New Activation Strategy Could Make Magnesium Batteries Commercially Viable
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In a new study published in ACS Nano, researchers from the Korea Institute of Science and Technology (KIST) report the development of a new activation strategy that allows magnesium-based batteries to work without the use of corrosive additives.
The researchers say that their findings may lead to new low-cost, mass-producible, high-energy-density batteries that could be a commercially viable alternative to lithium-ion batteries.
The need for lithium battery alternativesLithium-ion batteries have become one of the most popular forms of energy storage in the world, largely due to their high energy density and favorable charge cycle properties. However, the production of lithium batteries also requires significant amounts of other rare earth metals, such as cobalt, which are only found in a small number of countries. Concerns over the future safety and reliability of this supply chain have prompted researchers to begin investigating alternative next-generation rechargeable batteries which use more abundant materials.
Magnesium-based batteries are one of these promising alternatives. Magnesium forms divalent ions (Mg2+), whereas lithium ions are monovalent (Li+). As a result, magnesium has the potential to achieve extremely high energy densities. Indeed, a pure magnesium metal anode can deliver a volumetric capacity around 1.9 times larger than lithium metal.
So why are we not already walking around with magnesium batteries in our phones or in our cars? Magnesium is a highly reactive metal, and its reactivity with common electrolytes causes significant issues with charging and discharging magnesium-based secondary batteries. Previous studies have side-stepped this issue by using alternative electrolytes to produce functional magnesium batteries, but this requires corrosive additives that are not conducive to commercial scale-up and use.
Now, KIST researchers believe that a new artificial protective layer designed for use with magnesium metal components and common electrolytes could be the key to unlocking further magnesium battery development.
New technology enables magnesium batteries to work with safer electrolytesBy dipping the magnesium metal anodes into a reactive alkyl halide solution prior to battery cell assembly, the KIST researchers were able to synthesize an artificial magnesium alkyl halide oligomer coating on the surface of the metal.
They found that when a specific reaction solvent was used, nanostructures would form on the metal surface, which in turn enabled the dissolution and deposition of magnesium. This effectively nullified the risk of extreme reactions between the magnesium and the non-corrosive electrolytes.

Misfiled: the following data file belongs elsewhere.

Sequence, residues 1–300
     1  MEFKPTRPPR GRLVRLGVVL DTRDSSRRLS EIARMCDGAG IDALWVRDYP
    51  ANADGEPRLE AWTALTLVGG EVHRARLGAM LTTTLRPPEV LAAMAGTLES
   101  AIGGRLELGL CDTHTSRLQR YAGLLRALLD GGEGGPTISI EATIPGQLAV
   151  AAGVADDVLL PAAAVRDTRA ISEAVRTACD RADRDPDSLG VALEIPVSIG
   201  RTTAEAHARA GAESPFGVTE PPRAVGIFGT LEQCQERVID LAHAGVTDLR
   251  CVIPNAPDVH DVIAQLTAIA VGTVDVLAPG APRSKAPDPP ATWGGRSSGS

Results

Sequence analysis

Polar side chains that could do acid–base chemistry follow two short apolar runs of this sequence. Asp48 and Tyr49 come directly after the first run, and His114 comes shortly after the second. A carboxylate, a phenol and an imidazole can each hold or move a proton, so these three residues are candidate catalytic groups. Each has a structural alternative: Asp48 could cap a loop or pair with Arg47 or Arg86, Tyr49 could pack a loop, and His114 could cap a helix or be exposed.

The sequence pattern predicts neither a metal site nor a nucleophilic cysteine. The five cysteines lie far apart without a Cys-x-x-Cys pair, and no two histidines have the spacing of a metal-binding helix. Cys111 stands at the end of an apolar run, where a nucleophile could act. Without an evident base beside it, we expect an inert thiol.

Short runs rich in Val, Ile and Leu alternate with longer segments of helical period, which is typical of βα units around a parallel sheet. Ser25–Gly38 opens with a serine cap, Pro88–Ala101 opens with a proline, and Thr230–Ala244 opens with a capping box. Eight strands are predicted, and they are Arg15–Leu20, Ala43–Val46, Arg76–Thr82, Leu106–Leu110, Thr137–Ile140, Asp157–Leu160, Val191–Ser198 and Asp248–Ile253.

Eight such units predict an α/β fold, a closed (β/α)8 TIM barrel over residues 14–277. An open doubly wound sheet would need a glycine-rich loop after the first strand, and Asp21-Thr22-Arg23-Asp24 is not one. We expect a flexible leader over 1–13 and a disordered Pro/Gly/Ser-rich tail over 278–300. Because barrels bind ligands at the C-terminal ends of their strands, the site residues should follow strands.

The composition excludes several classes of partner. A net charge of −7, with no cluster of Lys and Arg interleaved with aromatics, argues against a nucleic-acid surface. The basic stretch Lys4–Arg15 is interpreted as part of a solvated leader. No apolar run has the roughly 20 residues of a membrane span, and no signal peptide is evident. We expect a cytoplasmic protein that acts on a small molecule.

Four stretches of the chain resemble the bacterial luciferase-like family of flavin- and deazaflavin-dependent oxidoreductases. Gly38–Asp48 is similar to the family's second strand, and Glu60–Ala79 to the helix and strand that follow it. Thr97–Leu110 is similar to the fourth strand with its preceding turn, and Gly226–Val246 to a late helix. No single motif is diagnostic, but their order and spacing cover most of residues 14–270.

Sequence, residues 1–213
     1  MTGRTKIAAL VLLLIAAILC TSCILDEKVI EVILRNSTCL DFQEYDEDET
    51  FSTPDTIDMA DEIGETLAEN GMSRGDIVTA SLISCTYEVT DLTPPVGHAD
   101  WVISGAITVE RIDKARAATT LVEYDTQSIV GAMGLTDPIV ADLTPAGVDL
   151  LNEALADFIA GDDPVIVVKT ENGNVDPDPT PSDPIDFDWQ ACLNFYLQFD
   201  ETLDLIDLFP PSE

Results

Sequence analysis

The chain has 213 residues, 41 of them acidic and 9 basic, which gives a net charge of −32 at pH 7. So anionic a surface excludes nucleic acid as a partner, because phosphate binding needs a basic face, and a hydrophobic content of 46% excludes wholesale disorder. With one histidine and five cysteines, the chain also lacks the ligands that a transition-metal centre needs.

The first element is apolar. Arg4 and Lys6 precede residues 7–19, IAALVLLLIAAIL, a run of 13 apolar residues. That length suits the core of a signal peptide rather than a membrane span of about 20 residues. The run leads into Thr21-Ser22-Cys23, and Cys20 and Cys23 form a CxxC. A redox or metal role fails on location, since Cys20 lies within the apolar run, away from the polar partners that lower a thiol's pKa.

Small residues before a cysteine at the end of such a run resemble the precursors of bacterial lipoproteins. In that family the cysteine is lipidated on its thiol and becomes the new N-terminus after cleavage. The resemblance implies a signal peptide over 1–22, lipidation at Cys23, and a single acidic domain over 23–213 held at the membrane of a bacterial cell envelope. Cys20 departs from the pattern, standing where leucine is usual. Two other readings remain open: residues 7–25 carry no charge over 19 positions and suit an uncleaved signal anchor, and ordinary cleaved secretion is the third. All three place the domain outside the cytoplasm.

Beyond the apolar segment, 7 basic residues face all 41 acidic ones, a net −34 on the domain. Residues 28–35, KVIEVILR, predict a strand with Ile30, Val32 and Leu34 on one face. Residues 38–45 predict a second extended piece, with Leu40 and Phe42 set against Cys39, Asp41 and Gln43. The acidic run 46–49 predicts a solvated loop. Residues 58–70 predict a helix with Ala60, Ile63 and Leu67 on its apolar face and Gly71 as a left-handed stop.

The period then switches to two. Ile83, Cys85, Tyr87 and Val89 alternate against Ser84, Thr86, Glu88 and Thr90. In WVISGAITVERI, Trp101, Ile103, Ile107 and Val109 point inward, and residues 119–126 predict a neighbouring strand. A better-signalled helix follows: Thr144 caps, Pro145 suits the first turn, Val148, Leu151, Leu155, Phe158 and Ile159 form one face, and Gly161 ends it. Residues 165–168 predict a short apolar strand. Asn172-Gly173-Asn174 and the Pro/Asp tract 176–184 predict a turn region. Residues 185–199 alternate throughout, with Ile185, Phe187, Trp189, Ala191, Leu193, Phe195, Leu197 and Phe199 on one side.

Using this new activation step, the researchers demonstrated that the overpotential for a magnesium battery without corrosive additives can be reduced from more than 2 V to under 0.2 V when charging and discharging in common electrolytes. Additionally, the Coulombic efficiency — the ratio of total charge extracted from a battery to the total charge put into it over a full cycle — can be increased from around 10% to more than 99.5%. Higher Coulombic efficiencies indicate that a battery will lose less capacity in each charge/discharge cycle, extending its potential lifespan.
The new magnesium battery operated safely through more than 990 charging cycles, which the researchers say proves the potential of these batteries for commercial use.
"This work provides a new direction for the existing magnesium secondary battery research, which has been using corrosive electrolytes that prevent the formation of interfacial layers on magnesium metal surfaces," said lead study author Dr. Minah Lee of KIST. "It will increase the possibility of low-cost, high-energy-density magnesium secondary batteries based on common electrolytes suitable for energy storage systems.“
Next-generation rechargeable batteriesRechargeable magnesium batteries have the potential to offer a higher volumetric capacity than lithium batteries, while also using elements that can be more easily and reliably sourced through the global supply chain. Both of these aspects make magnesium batteries a very attractive alternative for commercial development. With this new magnesium activation technique, the KIST researchers have demonstrated highly efficient magnesium cycling, marking an important step forward in the mass production of commercial magnesium batteries.
Reference: Jeon AR, Jeon S, Lim G, et al. Reversible magnesium metal cycling in additive-free simple salt electrolytes enabled by spontaneous chemical activation. ACS Nano. 2023;17(10):8980-8991. doi: 10.1021/acsnano.2c08672
This article is a rework of a press release issued by the Korea Institute of Science and Technology. Material has been edited for length and content.